WPF Architecture

This Article provides a guided tour of the Windows Presentation Foundation (WPF) class hierarchy.
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This Article provides a guided tour of the Windows Presentation Foundation (WPF) class hierarchy. It covers most of the major subsystems of WPF, and describes how they interact. It also provide informatory details regarding some of the choices made by the architects of WPF.


This Article contains the following sections.

Control's most significant feature is templating. If you think about WPF's composition system as a retained mode rendering system, templating allows a control to describe its rendering in a parameterized, declarative manner. A ControlTemplate is really nothing more than a script to create a set of child elements, with bindings to properties offered by the control.

Control provides a set of stock properties, Foreground, Background, Padding, to name a few, which template authors can then use to customize the display of a control. The implementation of a control provides a data model and interaction model. The interaction model defines a set of commands (like Close for a window) and bindings to input gestures (like clicking the red X in the upper corner of the window). The data model provides a set of properties to either customize the interaction model or customize the display (determined by the template).

This split between the data model (properties), interaction model (commands and events), and display model (templates) enables complete customization of a control's look and behavior.

A common aspect of the data model of controls is the content model. If you look at a control like Button, you will see that it has a property named "Content" of type Object. In Windows Forms and ASP.NET, this property would typically be a string - however that limits the type of content you can put in a button. Content for a button can either be a simple string, a complex data object, or an entire element tree. In the case of a data object, the data template is used to construct a display.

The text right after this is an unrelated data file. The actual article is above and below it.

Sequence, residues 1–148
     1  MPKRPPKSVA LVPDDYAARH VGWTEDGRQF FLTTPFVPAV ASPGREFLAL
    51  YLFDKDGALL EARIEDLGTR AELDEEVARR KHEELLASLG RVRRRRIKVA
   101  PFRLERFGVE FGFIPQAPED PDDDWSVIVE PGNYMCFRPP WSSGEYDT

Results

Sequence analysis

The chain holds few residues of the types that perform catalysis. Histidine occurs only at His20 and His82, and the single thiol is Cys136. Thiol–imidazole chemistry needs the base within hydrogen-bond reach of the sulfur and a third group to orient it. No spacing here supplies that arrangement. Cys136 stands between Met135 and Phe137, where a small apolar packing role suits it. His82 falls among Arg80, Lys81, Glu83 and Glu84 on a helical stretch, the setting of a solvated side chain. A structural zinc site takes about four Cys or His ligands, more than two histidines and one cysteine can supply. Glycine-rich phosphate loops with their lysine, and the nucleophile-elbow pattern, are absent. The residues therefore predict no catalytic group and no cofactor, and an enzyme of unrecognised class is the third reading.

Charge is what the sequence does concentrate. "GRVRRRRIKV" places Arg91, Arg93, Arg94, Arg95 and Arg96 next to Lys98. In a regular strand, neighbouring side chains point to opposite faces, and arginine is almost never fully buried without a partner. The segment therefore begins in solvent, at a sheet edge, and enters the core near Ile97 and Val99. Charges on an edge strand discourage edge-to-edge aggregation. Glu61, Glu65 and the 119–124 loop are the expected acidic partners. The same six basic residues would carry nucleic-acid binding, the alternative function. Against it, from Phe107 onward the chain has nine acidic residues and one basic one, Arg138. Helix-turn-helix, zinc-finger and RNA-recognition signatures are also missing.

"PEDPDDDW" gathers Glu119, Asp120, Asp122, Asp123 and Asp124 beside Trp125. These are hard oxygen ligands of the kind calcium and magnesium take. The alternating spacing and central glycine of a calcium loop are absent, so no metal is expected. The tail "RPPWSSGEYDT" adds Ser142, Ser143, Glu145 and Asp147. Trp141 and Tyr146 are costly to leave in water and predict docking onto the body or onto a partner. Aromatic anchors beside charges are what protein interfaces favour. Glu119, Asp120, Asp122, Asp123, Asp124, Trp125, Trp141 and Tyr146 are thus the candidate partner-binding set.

WPF is designed to allow you to create dynamic, data driven presentation systems. Every part of the system is designed to create objects through property sets that drive behavior. Data binding is a fundamental part of the system, and is integrated at every layer.

Traditional applications create a display and then bind to some data. In WPF, everything about the control, every aspect of the display, is generated by some type of data binding. The text found inside a button is displayed by creating a composed control inside of the button and binding its display to the button's content property.

When you begin developing WPF based applications, it should feel very familiar. You can set properties, use objects, and data bind in much the same way that you can using Windows Forms or ASP.NET. With a deeper investigation into the architecture of WPF, you'll find that the possibility exists for creating much richer applications that fundamentally treat data as the core driver of the application.

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